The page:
I have a character who exists in a world where superpowers are a thing and common. Her ability is to absorb and reflect back energy and force she receives and even amplify that force (kinda like Black Panther's suit) but still takes the hits and the force from expending the force.

I want to add some realism to this and I'm wondering what drawbacks and limitations would come with this power and what sort of gear she could use that would assist her.

I have already given her a jacket made of an visco-elastic material that helps soften the blows of hits and I was wondering if equipment like compression gloves would help as well.


Right now, while it sounds cool, her powers don't offer anything that an ordinary person with a little boxing training couldn't do. Why not? Because you've neglected something known as:

Required secondary powers

She gets hit by a truck, she's a stain on the ground. You've given her the ability to react like a rubber ball to impact, but even a rubber ball has a breaking strain and in practice it's not all that high. You haven't given her a breaking strain any higher than an ordinary human. Punch her with a force sufficient to break her wrist and if she tries to return that force she'll break her own wrist.

Practical physical limits

She has a power, but it only becomes a superpower when the required secondary powers are allowed for. Define them, start with strength, healing, resilience, then limit them. Those are her limitations, she can stop a car, but not a truck, if she takes a beating she's down for a few days, etc. These become her practical physical limits.

The real benefit of her power now lies in combat efficiency, she's expending the power of the impacts she's received rather than burning her own energy, but to do that she has to take a bit of a beating. Her combat complexity lies in knowing when to take a hit to get that boost rather than dodging or blocking everything.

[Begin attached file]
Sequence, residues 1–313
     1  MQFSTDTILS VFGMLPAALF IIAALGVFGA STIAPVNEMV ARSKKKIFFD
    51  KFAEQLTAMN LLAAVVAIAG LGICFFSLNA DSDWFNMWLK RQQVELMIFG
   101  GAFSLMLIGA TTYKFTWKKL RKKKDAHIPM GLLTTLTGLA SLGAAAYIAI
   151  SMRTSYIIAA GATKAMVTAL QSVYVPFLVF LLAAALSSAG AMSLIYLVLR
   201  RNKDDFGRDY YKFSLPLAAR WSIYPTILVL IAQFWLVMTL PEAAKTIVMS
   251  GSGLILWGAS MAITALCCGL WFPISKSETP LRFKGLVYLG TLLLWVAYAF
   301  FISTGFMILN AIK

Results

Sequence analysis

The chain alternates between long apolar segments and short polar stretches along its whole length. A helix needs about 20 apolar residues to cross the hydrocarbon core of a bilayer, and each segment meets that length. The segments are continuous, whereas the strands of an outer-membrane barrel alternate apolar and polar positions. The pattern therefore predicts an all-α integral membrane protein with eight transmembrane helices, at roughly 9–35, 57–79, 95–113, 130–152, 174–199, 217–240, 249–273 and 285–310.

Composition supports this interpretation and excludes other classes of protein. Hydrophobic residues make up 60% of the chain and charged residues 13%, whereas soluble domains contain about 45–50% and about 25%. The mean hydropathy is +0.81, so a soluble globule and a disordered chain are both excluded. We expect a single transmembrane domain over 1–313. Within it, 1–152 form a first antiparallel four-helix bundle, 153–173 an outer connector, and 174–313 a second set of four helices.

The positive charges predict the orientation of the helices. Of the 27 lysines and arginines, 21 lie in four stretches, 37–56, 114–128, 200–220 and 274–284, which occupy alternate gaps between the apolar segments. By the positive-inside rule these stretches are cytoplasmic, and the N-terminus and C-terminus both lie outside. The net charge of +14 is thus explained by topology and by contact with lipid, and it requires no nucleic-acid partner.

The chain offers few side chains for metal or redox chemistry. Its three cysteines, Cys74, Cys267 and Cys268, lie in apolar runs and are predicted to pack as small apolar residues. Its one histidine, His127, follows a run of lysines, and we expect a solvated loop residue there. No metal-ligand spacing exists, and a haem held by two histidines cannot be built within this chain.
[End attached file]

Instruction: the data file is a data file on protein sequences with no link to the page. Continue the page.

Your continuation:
In terms of superpowers, as long as you keep the secondary powers under control you shouldn't have a balance problem here.


With the above allowed for, gear is stylistic and tells you what sort of hero you're after. Captain America has a shield and punches people, lethal force is not his schtick. Deadpool has guns and swords and all the toys, lethal force is very much his thing. Gear becomes about how your hero presents to the world, to kill or not to kill. Weapons or fists.


1. Stick. If you are storing up energy from being walloped on and thrown from cars, and then you are going to expend that energy but you

still take the hits and the force from expending the force

(more realistic than Black Panther!) it would be nice for your poor fist not to feel all the force of your mass being thrown from a car. Instead, a stick can feel it. It can have a cushiony handle. She can whack people with it, should the need arise.

2. Rocks. Even better than whacking people with a stick would be stuff she can throw. Her stored force is exerted over a short period as she accelerates the rock. The sudden deceleration of the rock on its target happens without her fist or foot being involved.

This might be even better with a bat and balls. She can use her softball skills. She can use bat, throw balls or hit a ball with the bat at 250 mph. These are custom softballs and she will go collect them later when things cool down. .

Maybe her hero squad has a softball team. That would be a good way to sort out differences with other heroes.


Start the fight fully charged

In the Dresden Files, Harry Dresden has rings that absorb kinetic energy which he can release at a later time. Before going into battle he spends time hitting a punching bag to make sure his rings are fully charged.

If your hero hit something or spent an hour in a foam hamster wheel before a fight, they could hit first and not wait to absorb energy.


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